20
Jul2019

The Golden Years of a Business Part 3 of 4: Know Your Weakness

In the process of selling your business, you face the continual risk of devaluing your business for your buyer. Having a team of professionals assisting you through the transaction is important, as these are the people who are there to help you achieve and receive the full value of your business. There are three elements that you want to consider as you assess where your risks are in selling your business.

The “Going Concern” Value. When you sell your business, you are not only selling tangible and intangible assets (real estate, equipment, employees, vendor lists, etc.) but you are really selling your financial viability and “going concern.” The “going concern” value of a business is defined as the expectation that your business will function and maintain its ability to grow even when you are no longer part of the business. The accuracy and reliability of the financial information you give to your buyer is crucial if you wish to see the value of your business fully realized when you sell it. A healthy “going concern” value communicates to your buyer that your business is in no need of liquidation, and that it can, in fact, continue to operate as it has been.

Elements that contribute to a healthy “going concern” value would be well-trained employees, up-to-date licensure, reputable maintenance of equipment and systems, etc. However, if you are the only “glue” that holds these elements together, then the “going concern” value of your business will seemingly crumble before your eyes.

Due Diligence. One of the most prudent ways for a seller to communicate the value of their business is through due diligence. During due diligence, the buyer will request a “laundry list” of records, documentation, licenses, and contracts that will evidence your business’ value to them. Your responsibility as the seller is to provide accurate and thorough information during the due diligence process, which will require you and, often, your team of professionals to gather what the buyer is requesting. Items found on a list of due diligence include agreements with vendors, tax returns, statements of profits and losses, business licenses, etc. Have your CPA and your Attorney keep eyes on your due diligence, as they will provide you with the support necessary in communicating the full value of your business. Due diligence can feel daunting, and often takes plenty of time to sort through, but it is the key to unlocking the value of your business and communicating that value to your buyer honestly and thoughtfully.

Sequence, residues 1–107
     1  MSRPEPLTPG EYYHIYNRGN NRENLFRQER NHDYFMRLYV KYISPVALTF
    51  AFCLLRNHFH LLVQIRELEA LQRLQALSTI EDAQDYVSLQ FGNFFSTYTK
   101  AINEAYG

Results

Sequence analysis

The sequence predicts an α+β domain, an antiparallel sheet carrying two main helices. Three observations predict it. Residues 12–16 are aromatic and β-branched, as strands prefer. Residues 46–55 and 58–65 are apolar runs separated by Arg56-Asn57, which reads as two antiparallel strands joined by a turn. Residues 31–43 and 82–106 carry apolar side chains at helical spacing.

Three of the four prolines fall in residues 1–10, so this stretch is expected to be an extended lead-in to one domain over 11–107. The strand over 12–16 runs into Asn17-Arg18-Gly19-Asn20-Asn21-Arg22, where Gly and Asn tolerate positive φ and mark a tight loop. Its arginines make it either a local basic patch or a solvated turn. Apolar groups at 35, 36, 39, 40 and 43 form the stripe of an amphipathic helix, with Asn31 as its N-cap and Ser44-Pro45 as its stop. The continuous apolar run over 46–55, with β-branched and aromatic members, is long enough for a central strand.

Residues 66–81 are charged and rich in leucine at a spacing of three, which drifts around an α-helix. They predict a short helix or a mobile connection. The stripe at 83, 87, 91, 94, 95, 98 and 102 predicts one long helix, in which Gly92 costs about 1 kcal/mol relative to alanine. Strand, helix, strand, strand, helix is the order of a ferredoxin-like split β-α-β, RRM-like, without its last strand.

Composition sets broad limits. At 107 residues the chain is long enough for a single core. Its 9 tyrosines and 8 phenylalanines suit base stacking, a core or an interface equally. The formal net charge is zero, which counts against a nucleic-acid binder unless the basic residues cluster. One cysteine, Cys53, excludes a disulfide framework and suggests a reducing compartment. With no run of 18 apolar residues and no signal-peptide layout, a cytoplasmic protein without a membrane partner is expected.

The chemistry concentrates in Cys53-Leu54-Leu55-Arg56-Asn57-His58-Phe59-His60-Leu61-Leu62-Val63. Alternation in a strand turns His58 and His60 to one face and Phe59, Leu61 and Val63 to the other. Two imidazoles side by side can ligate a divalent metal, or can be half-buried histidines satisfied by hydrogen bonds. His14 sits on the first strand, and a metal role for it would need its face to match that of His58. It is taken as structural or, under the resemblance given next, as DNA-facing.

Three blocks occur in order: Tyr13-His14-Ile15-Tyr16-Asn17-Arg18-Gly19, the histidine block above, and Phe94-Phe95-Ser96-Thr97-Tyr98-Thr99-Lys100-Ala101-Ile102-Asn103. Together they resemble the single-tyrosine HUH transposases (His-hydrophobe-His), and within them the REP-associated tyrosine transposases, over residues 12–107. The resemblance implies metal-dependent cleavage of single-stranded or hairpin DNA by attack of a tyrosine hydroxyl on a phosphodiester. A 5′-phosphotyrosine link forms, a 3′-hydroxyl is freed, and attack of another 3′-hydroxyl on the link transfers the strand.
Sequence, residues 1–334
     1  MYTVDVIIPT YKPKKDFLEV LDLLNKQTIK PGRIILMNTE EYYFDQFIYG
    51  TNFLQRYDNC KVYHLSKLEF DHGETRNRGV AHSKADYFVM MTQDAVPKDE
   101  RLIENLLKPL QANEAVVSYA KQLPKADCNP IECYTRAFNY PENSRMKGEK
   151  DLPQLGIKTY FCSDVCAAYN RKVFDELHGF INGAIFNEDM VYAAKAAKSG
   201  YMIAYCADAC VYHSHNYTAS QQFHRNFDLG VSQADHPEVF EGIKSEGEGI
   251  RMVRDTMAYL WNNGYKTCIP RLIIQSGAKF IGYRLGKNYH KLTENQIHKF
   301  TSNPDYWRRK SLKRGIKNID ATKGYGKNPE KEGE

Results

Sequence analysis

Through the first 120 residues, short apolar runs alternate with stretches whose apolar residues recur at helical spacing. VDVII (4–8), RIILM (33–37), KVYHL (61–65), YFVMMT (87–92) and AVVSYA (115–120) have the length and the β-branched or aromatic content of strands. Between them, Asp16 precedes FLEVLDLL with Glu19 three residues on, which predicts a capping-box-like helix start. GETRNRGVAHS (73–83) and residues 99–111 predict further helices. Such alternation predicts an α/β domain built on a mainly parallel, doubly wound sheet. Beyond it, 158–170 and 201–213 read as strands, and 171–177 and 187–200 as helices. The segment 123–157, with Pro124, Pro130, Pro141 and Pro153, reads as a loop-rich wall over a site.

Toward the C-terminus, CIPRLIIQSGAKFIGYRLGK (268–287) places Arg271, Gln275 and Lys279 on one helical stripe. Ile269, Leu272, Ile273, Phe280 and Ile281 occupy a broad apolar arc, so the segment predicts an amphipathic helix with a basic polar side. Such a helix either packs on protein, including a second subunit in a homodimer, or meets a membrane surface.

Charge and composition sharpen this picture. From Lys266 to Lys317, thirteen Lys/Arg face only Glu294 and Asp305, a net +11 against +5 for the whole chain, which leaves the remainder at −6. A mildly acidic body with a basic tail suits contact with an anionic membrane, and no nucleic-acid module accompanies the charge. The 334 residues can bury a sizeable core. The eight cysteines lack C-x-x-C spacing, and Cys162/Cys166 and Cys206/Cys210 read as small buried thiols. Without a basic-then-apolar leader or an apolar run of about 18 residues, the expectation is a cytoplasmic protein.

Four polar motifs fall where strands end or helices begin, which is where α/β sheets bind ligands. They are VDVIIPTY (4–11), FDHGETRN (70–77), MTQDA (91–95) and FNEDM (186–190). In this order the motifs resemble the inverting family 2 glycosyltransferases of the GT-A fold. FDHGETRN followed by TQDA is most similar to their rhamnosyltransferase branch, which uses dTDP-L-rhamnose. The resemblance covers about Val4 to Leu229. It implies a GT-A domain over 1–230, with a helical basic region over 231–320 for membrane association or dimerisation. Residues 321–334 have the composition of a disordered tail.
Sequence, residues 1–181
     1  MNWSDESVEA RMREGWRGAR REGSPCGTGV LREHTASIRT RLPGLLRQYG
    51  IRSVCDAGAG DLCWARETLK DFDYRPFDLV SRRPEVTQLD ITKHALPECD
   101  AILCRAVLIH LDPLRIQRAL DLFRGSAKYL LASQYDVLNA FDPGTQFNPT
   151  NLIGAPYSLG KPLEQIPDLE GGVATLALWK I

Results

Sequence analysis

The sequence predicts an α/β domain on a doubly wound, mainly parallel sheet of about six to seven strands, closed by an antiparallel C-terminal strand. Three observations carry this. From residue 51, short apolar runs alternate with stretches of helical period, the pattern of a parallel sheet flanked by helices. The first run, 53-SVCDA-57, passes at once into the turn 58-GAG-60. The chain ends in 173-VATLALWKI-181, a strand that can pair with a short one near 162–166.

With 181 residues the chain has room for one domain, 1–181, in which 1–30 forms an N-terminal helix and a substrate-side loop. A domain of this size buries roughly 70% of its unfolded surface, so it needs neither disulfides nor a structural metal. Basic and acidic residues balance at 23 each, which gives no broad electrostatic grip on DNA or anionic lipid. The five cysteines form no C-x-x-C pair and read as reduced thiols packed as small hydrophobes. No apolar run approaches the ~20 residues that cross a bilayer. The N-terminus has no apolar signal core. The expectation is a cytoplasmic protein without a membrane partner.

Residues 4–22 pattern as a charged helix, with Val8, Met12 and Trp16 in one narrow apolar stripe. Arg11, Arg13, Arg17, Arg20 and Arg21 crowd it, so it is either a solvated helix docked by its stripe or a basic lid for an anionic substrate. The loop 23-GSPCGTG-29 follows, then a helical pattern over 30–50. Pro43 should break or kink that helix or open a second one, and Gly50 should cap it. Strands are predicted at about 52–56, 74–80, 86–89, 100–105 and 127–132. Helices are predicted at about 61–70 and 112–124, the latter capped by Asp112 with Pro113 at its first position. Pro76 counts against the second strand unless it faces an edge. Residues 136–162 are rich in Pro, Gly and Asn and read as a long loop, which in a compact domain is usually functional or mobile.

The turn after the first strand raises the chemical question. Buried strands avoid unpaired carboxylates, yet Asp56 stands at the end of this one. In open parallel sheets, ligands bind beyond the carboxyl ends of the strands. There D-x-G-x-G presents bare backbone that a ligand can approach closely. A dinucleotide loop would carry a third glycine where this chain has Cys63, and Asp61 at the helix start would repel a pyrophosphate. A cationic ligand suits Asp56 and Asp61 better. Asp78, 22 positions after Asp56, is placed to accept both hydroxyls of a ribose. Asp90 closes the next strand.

I have encountered business owners who, when selling their business, were willing to disclose anything and everything to their buyer when asked or requested. On the other hand, there are business owners who are cautious when being asked for documentation or reasoning for certain operations. Your business transactional attorney’s job is to help you mitigate risks when interacting with the buyer in one way or another. That being said, when you work through due diligence and there are missing pieces where you simply do not have the documentation being requested, you should assume that you will need an explanation as to why there is a gap if your buyer were to ask.

Again, your team of professionals are here to act as a buffer for you so that your business transaction runs as smoothly as possible. Your business valuation certainly relies on the cleanliness of your financials; it also relies on discretion and diligence every step of the way, and your team of professionals are in the business of discretion and diligence.

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